It’s April 1st which in some countries is known as April Fool’s Day so on this football language podcast we look at the phrase ‘to fool‘ which can be used in football to describe a situation when a player can deceive another player. There is a transcript with this listening activity along with some vocabulary practice and you can also check out our football glossary and football cliches pages for hundreds more explanations of the language of football/soccer. If you have questions or comments about this or any other phrase then email us at: email@example.com.
Learning English Through Football Podcast: To fool
DF: Hello everyone, this is Damian from the Learning English Through Football team. I hope we are all doing well and enjoying the football. I’m one half of the languagecaster team and I’m based in London, while the other member of the team is Damon and he of course is living in Tokyo in Japan. Now, today is April 1st which here in the UK is known as April Fool’s Day – a day when people play tricks on each other. And so on this podcast I am going to talk a little bit about the verb ‘to fool‘ and some of its other forms that are used in football.
Stinger: You are listening to languagecaster.com (Zambian fan).
Now, don’t forget there is, of course, a transcript to go with this podcast – it’s great for teaching and learning English – and if you have any questions or comments about any of the football language in this report then you can contact us at: firstname.lastname@example.org or ask a question on our football language forum.
Stinger: You are listening to languagecaster.com (Greek fan).
Now, I mentioned that today’s focus will be on the verb ‘to fool‘ which means to deceive or to trick someone. So, for example in football there are many ways that teams and players can fool opponents by using different tricks and skills. A player can fool another player by maybe nutmegging them – by putting the ball through another player’s legs. We can also say that a player fooled the referee – maybe by diving or pretending to be hurt – so that the referee will give them the decision. The referee was fooled by the dive and awarded the penalty, for example.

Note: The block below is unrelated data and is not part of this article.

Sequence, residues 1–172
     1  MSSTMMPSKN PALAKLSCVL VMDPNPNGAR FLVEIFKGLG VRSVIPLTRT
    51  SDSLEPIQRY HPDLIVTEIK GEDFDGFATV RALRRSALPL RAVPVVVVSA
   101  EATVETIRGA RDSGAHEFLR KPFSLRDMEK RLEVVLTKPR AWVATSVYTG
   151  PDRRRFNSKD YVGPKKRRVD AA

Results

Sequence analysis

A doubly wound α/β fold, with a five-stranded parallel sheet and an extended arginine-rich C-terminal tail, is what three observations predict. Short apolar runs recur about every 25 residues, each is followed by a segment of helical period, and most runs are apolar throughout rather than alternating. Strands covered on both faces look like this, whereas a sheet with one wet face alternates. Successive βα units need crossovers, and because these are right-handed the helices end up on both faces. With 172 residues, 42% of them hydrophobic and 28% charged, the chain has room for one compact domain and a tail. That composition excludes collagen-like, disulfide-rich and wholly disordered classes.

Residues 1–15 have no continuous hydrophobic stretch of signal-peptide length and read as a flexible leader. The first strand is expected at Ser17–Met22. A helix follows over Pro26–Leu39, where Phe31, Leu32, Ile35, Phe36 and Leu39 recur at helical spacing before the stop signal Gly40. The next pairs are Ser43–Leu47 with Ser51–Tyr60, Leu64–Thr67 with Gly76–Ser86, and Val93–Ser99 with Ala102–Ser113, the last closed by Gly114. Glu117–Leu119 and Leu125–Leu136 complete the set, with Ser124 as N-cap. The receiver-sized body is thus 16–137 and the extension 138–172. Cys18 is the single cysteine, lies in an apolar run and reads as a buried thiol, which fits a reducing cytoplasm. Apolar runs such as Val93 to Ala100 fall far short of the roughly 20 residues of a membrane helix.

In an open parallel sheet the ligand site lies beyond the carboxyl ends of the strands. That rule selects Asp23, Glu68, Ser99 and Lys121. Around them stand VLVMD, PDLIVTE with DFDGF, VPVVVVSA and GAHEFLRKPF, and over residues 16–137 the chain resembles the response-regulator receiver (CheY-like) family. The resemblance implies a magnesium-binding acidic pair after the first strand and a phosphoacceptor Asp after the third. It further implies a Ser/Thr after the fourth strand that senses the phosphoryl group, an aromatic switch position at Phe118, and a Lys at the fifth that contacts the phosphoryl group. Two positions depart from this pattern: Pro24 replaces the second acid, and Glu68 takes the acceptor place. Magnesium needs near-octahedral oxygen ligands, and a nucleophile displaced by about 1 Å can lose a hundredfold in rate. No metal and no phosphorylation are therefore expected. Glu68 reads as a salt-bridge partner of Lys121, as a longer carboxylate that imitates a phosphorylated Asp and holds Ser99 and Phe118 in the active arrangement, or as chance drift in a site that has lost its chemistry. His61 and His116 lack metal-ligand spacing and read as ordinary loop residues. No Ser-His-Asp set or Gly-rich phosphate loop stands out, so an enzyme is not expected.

To make a fool of (the keeper)
Another way of saying this is by using the verb phrase ‘to make a fool of someone‘. For example, sometimes we can hear that a forward has made a fool of the opposition keeper by sitting them down or going round them. So, to make a fool of someone is to make someone look silly or stupid. Here is an example from the Mail Online from 2019:
In this example, the Burnley player celebrated before VAR had been checked so if the goal had been chalked off or disallowed then he would have looked foolish – but lucky for him, the goal stood (the goal was allowed) and he could continue with his celebration.
Now the adjective form of this word is ‘foolish‘ and to look foolish means to look stupid; so to do something without any good judgment would be a foolish decision. We can also use it to describe certain things in football, so a foolish foul is a foul that should not have been committed – the same with a foolish free kick – the player should not have given away the free kick. Here are some more examples:
- People have been foolish to write them off before. [So, in this case many people feel that the team will not come back but actually they do]
- DeAndre Yedlin conceded a free-kick for a foolish shove [or push] on Grealish just outside the penalty
- …at Villa Park, Arthur Masuaku committed a foolish foul when already booked and was duly sent off.
Stinger: You are listening to languagecaster.com (in Vietnamese)
Yes, that message was in Vietnamese and if you’d like to send us a message in any language for our podcast then contact us here at languagecaster.com – we’d love to hear from you. OK, that’s it for this very short podcast in which we’ve looked at some of the ways that we can use the words ‘to make a fool of‘; ‘to be fooled‘ and ‘foolish‘ in football. Let us know if you know any other words or phrases connected to these terms – in any language – by adding a comment below our post here or by dropping us a line at: email@example.com.
And don’t forget there’s a transcript for this report with lots of vocabulary support and of course we have a huge glossary of football language here at languagecaster – hundreds and hundreds of entries, including many of the words and phrases from today’s show. OK, myself and Damon will be back soon with some more football language. Enjoy all the football this week and we’ll see you again soon. Bye bye.
Free football language podcast for learners of English brought to you by Damian and Damon. Interviews, match reviews, predictions all with full language support for football fans around the world who wish to improve their English language skills.